Bartholomew Dias

A Portuguese Explorer

Dias' Voyage

Bartolomew Dias was sent by Portuguese King John II to explore the coast of Africa and find a way to the Indian Ocean. Dias departed circa August 1487, rounding the southernmost tip of Africa in January, 1488. They named this land Cape of Good Hope. In early January 1488, as Dias' two ships sailed off the coast of South Africa, storms blew them away from the coast. The crew spotted landfall on February 3, 1488, about 300 miles east of present-day Cape of Good Hope. They found a bay they called São Bras and the much warmer waters of the Indian Ocean. On the journey back, Dias observed the southernmost point of Africa, later called Cabo das Agulhas, or Cape of Needles. Dias named the rocky second cape Cabo das Tormentas or Cape of Storms for the tempestuous storms and strong Atlantic-Antarctic currents. In Lisbon, after 15 months at sea and a journey of nearly 16,000 miles, the returning mariners were met by triumphant crowds. The king forced Diasto explain his failure to meet up with Paiva and Covilhã. Despite his achievements, Dias was never put in a position of authority again.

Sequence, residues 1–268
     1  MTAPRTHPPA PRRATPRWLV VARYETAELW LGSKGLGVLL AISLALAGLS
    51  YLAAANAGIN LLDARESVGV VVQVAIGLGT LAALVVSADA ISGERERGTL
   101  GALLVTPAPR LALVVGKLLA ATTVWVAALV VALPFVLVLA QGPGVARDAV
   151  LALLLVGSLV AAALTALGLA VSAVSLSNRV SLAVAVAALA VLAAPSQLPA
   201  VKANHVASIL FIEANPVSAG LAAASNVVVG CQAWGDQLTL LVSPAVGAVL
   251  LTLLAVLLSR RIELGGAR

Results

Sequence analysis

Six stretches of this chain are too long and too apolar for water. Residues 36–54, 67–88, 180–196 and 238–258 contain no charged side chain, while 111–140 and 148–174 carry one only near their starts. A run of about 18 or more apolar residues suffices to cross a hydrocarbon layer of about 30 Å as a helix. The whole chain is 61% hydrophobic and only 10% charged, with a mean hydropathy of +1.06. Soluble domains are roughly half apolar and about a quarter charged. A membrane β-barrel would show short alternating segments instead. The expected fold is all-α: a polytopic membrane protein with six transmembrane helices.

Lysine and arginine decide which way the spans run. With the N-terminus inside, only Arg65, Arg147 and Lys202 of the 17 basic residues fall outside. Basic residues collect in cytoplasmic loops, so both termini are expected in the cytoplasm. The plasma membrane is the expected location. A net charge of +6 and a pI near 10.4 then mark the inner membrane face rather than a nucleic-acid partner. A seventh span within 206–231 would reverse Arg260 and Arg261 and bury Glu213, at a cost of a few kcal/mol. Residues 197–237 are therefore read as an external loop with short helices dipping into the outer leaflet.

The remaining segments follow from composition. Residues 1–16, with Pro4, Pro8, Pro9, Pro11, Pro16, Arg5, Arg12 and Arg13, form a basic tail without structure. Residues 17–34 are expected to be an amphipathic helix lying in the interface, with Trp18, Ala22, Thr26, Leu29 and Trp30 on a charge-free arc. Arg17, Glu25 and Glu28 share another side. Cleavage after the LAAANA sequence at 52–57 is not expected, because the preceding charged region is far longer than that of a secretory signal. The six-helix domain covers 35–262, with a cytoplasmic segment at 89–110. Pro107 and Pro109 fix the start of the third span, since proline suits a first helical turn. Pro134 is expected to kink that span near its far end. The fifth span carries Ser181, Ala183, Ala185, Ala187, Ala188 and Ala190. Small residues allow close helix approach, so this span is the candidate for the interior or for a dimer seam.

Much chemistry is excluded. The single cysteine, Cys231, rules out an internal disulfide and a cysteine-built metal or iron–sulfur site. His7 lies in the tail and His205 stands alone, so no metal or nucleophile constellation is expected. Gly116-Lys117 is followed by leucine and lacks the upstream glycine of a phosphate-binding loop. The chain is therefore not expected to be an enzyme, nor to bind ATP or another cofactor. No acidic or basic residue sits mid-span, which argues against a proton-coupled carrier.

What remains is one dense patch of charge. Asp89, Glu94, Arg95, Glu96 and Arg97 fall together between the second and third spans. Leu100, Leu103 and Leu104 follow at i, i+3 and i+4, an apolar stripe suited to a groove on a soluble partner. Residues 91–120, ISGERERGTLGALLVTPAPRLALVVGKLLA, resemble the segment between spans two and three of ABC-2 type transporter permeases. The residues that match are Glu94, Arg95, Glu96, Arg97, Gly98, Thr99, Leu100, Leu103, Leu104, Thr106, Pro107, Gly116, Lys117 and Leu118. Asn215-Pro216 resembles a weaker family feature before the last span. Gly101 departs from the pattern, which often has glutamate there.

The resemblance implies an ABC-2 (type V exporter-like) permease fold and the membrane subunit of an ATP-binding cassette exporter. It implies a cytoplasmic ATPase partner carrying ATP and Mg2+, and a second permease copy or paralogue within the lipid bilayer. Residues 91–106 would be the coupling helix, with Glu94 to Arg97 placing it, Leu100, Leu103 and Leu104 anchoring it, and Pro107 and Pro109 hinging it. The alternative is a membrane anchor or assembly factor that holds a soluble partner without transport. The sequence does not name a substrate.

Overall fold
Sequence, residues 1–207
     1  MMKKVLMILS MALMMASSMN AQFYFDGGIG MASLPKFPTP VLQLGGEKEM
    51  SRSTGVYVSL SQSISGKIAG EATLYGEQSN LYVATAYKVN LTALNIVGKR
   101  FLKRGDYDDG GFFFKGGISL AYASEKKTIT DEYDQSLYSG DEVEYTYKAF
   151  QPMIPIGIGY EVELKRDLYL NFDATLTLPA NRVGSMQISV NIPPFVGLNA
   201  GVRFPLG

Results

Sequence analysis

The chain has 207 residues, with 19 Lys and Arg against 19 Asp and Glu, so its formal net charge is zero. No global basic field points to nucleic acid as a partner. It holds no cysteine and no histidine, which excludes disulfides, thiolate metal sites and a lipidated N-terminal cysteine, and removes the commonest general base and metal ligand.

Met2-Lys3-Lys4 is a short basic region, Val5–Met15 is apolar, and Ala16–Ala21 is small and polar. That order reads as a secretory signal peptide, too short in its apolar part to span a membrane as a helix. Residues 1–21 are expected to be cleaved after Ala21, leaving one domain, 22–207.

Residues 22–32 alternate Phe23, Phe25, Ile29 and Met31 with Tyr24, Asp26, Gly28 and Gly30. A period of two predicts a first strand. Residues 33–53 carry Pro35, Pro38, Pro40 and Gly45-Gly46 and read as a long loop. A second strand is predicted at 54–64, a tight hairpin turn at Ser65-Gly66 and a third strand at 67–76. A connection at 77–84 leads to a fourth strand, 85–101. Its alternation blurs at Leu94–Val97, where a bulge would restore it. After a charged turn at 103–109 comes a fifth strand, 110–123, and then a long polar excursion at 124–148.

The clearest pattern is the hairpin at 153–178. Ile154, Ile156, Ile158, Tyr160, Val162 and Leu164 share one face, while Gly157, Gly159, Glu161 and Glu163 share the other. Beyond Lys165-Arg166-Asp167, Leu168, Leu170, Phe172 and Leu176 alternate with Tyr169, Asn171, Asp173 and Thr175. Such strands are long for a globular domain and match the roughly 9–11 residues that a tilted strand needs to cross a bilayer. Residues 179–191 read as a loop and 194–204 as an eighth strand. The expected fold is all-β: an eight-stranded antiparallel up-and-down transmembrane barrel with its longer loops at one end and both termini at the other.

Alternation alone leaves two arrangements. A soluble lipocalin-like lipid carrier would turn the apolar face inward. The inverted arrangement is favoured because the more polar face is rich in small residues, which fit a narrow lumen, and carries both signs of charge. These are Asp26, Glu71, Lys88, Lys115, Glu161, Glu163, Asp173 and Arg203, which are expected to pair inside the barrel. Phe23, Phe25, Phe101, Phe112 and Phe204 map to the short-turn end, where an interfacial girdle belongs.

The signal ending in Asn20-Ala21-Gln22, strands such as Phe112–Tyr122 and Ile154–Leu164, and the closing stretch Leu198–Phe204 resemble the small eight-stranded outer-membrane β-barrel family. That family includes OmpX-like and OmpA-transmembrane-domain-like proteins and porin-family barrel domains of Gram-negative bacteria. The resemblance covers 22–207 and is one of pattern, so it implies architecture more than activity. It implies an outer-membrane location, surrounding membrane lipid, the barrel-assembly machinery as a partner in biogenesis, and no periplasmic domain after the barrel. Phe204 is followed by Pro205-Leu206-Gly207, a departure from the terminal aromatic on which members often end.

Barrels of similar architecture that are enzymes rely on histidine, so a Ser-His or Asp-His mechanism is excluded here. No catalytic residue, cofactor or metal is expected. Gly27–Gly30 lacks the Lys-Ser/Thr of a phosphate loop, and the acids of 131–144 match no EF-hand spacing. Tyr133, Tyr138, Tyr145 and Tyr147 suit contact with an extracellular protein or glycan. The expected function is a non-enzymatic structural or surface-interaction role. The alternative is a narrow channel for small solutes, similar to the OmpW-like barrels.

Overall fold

Bartholomew Dias

Born in 1450, almost nothing is known about the life of Bartolomeu de Novaes Dias before 1487, except that he was at the court of João II, king of Portugal (1455-1495), and was a superintendent of the royal warehouses. He likely had much more sailing experience than his one recorded stint aboard the warship São Cristóvão. Dias was probably in his mid- to late 30s in 1486 when João appointed him to head an expedition in search of a sea route to India.
Bartholomew Diaz

Dias leaves for his voyage

Monday, Aug. 1st 1487 at 12pm

Angra do Salto, Portugal

Dias departed circa August 1487, rounding the southernmost tip of Africa in January, 1488.

The death of Bartholomew Dias

In 1500, Dias sailed as one of the captains in a large fleet headed by Pedro Alvares Cabral. Their destination was India, but they made a wide sweep into the South Atlantic and touched on the shores of Brazil. Then they headed southward and encountered huge storms. Four ships went down, and all on board, including Dias, were drowned.